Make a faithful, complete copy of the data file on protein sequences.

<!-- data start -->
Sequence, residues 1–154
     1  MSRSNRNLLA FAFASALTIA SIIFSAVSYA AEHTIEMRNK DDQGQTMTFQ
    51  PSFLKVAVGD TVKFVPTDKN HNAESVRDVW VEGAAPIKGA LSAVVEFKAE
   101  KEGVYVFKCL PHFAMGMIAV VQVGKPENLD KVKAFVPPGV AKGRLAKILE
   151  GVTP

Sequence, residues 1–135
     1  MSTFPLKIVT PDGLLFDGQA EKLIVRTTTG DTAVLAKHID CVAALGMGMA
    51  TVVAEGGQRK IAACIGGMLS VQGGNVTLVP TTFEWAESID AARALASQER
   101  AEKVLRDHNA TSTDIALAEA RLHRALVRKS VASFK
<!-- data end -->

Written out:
Sequence, residues 1–154
     1  MSRSNRNLLA FAFASALTIA SIIFSAVSYA AEHTIEMRNK DDQGQTMTFQ
    51  PSFLKVAVGD TVKFVPTDKN HNAESVRDVW VEGAAPIKGA LSAVVEFKAE
   101  KEGVYVFKCL PHFAMGMIAV VQVGKPENLD KVKAFVPPGV AKGRLAKILE
   151  GVTP

Sequence, residues 1–135
     1  MSTFPLKIVT PDGLLFDGQA EKLIVRTTTG DTAVLAKHID CVAALGMGMA
    51  TVVAEGGQRK IAACIGGMLS VQGGNVTLVP TTFEWAESID AARALASQER
   101  AEKVLRDHNA TSTDIALAEA RLHRALVRKS VASFK